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Altering Human ‘Flavor’ May Have A Role In Fighting Malaria

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The brain of mosquito mixes both smell and taste of the host to create an unusual and preferred flavor, reports a recent study conducted by researchers from Johns Hopkins University School of Medicine.

Developing a substance capable of making mosquitoes detest "human flavor" would help in protecting about 450,000 lives affected by the malarial parasite across the world every year, suggests the researchers.

According to the study published in the journal Nature Communications, on Oct. 3, all mosquitoes including Anopheles gambiae that spreads malaria find the suitable host with the help of their sense of smell. Christopher Potter, Ph.D., from Johns Hopkins said that the research is aimed at using mosquitoes to study the flavors repulsive to the insect to stay away from humans.

Mosquitoes have three pairs of so-called "noses" that includes two maxillary palps, two antennae and two labella. Thick and fuzzy maxillary palps protrude from lower portion of the head of the mosquito just parallel to proboscis. The proboscis is a flexible sheath that hides the "feeding needle" and the labella is found at the tip of the proboscis. Labella have two areas that contain gustatory and olfactory neurons for recognizing the tastes and odors respectively.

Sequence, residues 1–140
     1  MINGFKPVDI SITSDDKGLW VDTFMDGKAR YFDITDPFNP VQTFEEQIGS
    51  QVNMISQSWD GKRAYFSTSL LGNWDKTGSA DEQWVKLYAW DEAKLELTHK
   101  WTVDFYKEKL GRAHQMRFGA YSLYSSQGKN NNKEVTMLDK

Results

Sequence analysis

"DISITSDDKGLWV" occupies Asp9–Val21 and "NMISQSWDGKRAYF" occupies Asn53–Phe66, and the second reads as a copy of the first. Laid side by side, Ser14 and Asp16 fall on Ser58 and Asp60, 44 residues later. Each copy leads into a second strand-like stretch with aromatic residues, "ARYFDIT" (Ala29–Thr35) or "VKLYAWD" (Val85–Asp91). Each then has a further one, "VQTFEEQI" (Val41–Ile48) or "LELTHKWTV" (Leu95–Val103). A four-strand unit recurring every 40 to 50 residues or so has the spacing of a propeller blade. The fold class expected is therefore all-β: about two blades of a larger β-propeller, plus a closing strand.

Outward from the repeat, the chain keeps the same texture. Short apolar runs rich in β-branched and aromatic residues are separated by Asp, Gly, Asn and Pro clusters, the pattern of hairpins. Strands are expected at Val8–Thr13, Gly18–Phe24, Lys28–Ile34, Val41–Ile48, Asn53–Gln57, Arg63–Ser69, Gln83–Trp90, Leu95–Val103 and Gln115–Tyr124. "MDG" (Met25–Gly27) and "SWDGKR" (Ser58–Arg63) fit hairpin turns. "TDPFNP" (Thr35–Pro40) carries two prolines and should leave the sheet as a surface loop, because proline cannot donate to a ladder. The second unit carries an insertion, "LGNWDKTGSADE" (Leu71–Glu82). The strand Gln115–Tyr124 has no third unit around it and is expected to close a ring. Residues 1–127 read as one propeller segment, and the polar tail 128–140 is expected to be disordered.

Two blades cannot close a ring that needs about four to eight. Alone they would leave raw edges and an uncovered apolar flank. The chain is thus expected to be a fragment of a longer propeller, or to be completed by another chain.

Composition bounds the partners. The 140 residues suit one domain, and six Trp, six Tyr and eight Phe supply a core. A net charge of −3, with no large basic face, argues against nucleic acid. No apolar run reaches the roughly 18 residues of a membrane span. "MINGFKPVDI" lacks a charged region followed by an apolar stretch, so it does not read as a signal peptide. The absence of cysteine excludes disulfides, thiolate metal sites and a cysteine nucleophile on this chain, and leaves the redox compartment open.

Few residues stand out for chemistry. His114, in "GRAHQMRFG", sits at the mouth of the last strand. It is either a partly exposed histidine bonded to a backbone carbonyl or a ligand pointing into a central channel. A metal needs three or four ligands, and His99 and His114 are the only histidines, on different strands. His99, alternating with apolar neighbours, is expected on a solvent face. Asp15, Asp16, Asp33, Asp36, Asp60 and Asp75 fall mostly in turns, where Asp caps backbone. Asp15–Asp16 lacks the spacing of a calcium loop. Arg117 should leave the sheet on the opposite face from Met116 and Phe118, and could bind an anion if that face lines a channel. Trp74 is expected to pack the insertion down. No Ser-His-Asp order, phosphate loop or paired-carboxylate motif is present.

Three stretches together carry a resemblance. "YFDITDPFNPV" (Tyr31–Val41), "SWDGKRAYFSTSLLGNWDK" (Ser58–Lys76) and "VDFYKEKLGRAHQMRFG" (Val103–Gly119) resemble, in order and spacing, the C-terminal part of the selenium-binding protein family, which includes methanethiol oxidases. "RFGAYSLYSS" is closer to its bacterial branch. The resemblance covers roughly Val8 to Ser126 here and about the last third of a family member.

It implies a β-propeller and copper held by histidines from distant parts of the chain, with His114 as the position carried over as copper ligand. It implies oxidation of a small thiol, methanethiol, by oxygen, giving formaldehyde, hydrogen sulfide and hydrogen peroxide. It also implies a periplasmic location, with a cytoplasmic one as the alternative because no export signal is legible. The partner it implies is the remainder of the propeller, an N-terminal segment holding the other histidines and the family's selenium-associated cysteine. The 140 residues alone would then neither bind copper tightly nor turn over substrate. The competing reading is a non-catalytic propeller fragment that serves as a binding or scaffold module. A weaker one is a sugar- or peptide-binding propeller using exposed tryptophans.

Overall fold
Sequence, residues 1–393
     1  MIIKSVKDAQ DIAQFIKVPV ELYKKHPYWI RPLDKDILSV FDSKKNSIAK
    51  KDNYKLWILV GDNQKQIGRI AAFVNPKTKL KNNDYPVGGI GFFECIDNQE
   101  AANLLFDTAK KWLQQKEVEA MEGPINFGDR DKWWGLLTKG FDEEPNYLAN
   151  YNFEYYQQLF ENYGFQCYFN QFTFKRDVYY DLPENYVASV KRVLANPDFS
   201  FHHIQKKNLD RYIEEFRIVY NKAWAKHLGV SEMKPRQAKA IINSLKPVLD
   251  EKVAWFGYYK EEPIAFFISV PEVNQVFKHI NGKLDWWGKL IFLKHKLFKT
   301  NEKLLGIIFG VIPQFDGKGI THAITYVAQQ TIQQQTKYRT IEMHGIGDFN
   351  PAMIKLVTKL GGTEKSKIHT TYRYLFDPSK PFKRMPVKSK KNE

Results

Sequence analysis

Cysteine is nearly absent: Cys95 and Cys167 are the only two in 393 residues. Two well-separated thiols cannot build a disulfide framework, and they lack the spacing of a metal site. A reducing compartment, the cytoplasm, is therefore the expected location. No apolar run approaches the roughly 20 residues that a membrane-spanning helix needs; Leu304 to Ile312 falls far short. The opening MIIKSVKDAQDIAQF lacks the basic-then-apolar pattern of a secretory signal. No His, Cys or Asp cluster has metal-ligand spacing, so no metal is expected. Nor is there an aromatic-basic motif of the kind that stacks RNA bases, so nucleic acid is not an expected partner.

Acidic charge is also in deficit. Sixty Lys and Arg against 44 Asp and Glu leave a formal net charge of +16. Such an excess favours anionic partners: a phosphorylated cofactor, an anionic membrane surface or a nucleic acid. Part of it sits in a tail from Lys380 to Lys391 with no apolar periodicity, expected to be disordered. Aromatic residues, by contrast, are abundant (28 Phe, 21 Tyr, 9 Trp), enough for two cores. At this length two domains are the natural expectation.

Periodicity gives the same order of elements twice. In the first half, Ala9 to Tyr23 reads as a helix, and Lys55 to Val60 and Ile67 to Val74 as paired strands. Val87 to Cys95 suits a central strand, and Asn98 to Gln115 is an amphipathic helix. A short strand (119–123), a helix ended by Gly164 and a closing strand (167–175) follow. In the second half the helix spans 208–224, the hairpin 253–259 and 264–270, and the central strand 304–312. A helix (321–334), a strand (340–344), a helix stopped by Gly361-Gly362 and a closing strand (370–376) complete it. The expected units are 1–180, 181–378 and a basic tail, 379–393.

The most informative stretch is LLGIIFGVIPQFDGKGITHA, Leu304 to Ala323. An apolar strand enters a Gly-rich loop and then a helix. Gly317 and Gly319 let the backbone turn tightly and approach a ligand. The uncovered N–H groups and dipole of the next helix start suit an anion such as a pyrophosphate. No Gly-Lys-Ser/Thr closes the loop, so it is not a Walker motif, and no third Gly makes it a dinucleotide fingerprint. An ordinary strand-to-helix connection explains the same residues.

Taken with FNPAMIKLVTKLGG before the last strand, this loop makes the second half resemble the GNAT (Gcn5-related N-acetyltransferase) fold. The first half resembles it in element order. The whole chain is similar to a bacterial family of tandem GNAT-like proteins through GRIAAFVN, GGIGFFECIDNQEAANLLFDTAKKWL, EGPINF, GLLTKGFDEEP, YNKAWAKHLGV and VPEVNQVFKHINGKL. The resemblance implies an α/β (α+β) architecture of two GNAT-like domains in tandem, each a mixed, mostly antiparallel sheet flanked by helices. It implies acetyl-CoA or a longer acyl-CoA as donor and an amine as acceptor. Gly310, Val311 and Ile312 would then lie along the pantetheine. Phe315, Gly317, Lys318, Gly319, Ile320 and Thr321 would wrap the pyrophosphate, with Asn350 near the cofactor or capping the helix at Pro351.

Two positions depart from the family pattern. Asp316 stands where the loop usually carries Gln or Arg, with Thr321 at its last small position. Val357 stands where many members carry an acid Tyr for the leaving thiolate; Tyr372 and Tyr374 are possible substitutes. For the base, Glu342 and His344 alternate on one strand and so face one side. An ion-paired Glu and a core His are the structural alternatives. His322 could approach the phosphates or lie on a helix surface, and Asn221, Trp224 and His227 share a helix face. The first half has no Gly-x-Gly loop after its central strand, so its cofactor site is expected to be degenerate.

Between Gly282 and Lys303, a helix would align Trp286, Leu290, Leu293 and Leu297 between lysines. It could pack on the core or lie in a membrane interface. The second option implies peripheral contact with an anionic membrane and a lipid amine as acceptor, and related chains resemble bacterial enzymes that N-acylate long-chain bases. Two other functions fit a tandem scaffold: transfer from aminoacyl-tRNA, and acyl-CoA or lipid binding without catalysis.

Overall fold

In order to find where the olfactory neurons end up in brain, Potter and team used an advanced genetic technique that will make the neurons glow "green" in color. Only the neurons that receive the odorant receptors would be labeled green in color.

As a result, it was observed that olfactory neurons from maxillary palps and antennae reached the antennal lobes similar to flies while olfactory neurons from the labella ended up in subesophageal zone. As a matter of fact, the subesophageal zone is not linked to sense of smell in any insect studied by far but was linked to sense of taste.

Potter noted that the study findings have it that the mosquitoes not only like the smell of humans but also the taste. The odorants taken up by labella could be influencing the mosquitoes' taste while trying to bite humans. The maxillary palps and antennae could be recognizing the long-range signals and the labella could be taking up the odor when in contact with the host.

"This suggests that a combination of repellants could keep mosquitoes from biting us in two ways," said Potter. "One could target the antennal neurons and reduce the likelihood that they come too close, while another could target the labellar neurons and make the mosquitoes turn away in disgust."

Potter, who said that his team would like to do further research on the topic, noted that this method could help in the development of a safe and good-smelling mosquito repellent.

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